The Blue Ridge Soap Shed
When Tim Tyndall retired from being a university science professor, he needed a hobby. So “Dr. T,” as he is known around the Appalachian mountains of North Carolina, put his botany, biology and chemistry expertise to use by making soap in a shed in his backyard. That pastime, which began in 1997, now churns out more than 130 different kinds of soap – one of the largest varieties of the handmade product in the United States.
Now trading under the banner of The Blue Ridge Soap Shed, the master soapmaker always starts from scratch and insists on using raw ingredients in his original recipes. It may seem like an unusual hobby for a mountain man, but it’s a functional craft to Dr. T – following the Appalachian heritage of making traditional Grandma’s Ole Lye Soap, which was at one time the primary means of hygiene in the area.
Based on the sheer number of variations made by the former scientist, you can imagine they offer some unusual soaps. There are practical versions to keep away bugs, soothe poison ivy rashes, combat hard-to-treat skin conditions and even remove strong food odors for cooks. And while they have plenty of pleasant regional scents with names like Fresh Mountain Air and Carolina Kudzu, they specialize in understanding that men don’t want to smell like roses or lavender.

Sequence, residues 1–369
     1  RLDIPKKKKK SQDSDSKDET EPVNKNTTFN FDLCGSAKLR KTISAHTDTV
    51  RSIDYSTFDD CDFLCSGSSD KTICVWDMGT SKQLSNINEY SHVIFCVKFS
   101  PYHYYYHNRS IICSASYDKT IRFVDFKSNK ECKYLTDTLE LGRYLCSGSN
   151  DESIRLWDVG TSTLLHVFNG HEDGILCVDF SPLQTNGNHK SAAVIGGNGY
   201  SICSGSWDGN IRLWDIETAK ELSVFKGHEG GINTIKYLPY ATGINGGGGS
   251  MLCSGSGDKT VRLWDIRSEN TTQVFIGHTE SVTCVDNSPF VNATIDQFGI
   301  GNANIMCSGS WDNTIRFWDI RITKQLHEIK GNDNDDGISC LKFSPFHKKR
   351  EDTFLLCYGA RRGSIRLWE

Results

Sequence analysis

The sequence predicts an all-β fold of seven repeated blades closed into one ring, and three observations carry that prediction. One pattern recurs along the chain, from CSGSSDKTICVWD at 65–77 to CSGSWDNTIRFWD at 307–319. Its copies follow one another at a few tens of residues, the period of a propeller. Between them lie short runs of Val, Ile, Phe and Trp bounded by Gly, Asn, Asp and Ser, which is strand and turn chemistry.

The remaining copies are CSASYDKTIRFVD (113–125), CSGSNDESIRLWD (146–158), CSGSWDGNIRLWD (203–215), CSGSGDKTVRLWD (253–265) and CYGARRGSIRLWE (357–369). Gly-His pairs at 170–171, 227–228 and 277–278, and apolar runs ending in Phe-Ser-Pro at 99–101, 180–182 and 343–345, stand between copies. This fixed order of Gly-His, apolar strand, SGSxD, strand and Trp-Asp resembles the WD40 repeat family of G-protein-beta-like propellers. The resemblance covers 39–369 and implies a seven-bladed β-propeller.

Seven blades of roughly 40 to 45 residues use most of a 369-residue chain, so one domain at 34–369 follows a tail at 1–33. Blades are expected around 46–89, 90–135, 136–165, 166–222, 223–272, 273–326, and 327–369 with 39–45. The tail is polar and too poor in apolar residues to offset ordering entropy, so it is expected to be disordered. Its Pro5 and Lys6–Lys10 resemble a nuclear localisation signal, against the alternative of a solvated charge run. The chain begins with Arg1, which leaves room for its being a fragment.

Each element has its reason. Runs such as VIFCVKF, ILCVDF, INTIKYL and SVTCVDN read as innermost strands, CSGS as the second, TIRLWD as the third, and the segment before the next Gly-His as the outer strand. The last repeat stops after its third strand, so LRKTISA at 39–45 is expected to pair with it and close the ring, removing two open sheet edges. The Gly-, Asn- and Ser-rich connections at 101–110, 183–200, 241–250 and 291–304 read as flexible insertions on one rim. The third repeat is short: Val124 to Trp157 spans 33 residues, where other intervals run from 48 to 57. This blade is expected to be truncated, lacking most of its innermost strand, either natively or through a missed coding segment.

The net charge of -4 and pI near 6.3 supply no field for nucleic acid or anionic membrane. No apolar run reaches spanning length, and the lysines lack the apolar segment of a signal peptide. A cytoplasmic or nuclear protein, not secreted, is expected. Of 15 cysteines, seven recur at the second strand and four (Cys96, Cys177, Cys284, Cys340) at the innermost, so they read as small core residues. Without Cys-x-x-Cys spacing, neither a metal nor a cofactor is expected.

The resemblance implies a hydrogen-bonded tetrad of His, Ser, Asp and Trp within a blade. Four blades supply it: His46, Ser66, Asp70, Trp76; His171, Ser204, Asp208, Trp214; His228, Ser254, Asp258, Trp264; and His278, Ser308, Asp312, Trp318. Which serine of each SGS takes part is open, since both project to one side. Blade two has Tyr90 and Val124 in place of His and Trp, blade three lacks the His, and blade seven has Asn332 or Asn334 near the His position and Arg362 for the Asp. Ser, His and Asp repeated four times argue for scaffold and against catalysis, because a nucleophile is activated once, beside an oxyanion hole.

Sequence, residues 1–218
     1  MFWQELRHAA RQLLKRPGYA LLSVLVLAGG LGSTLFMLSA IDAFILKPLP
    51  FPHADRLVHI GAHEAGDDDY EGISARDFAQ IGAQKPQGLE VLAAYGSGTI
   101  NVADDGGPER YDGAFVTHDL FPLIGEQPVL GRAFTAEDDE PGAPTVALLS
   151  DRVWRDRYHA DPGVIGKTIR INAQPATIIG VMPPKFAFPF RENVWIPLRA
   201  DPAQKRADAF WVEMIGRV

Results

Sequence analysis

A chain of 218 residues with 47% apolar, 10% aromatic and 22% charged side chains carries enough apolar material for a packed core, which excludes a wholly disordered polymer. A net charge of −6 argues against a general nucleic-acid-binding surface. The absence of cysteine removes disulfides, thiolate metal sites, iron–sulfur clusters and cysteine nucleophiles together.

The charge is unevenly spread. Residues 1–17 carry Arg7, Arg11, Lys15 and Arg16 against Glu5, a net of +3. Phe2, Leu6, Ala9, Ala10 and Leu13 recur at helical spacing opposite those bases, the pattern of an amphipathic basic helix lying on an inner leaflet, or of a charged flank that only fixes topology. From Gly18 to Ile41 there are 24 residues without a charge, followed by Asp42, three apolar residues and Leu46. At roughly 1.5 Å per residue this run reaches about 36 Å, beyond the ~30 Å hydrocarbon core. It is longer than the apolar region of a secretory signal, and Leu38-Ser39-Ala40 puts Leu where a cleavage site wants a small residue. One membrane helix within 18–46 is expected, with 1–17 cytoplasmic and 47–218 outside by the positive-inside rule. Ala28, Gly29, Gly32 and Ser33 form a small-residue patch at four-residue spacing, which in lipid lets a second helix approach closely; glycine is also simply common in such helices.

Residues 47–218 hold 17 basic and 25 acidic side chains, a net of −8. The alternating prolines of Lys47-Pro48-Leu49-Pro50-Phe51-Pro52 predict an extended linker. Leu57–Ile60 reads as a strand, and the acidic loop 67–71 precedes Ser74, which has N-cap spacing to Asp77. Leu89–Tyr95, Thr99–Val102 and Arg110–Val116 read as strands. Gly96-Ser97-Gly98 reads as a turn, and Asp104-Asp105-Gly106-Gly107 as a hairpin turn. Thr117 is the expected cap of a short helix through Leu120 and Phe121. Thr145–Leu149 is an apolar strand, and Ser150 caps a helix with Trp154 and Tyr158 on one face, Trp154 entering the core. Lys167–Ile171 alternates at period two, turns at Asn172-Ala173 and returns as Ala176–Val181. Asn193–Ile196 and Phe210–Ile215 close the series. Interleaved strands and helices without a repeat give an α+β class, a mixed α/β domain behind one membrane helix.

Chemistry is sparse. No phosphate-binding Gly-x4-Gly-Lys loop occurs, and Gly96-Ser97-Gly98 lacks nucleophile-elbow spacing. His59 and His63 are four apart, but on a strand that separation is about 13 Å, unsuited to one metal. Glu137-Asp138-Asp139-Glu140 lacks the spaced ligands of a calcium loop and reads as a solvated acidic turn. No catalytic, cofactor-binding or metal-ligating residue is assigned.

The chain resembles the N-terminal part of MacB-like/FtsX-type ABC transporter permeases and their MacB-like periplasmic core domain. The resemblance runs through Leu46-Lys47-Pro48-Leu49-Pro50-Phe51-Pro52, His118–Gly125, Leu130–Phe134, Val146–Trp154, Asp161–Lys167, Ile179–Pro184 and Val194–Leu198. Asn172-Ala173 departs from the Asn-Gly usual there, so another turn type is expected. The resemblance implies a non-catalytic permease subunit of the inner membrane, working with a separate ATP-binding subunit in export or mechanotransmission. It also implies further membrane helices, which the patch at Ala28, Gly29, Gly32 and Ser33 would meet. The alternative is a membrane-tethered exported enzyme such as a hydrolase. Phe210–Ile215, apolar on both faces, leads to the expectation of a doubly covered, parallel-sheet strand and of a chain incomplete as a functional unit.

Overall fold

Being his own test market, Dr. T created an entire selection of handmade soaps just for men. He offers a first-aid soap with Tea Tree Oil, the Hardworking Hands bar made with cornmeal grits to get out the grime, Gentleman Caller with goat milk that lathers up for shaving, and Cabin Fever with a light woods scent with herbs and resins.
Whatever you need from a good bar of soap, odds are Dr. T is pouring it into one of his chunky blocks. Available for about $5 each from his website: The Blue Ridge Soap Shed.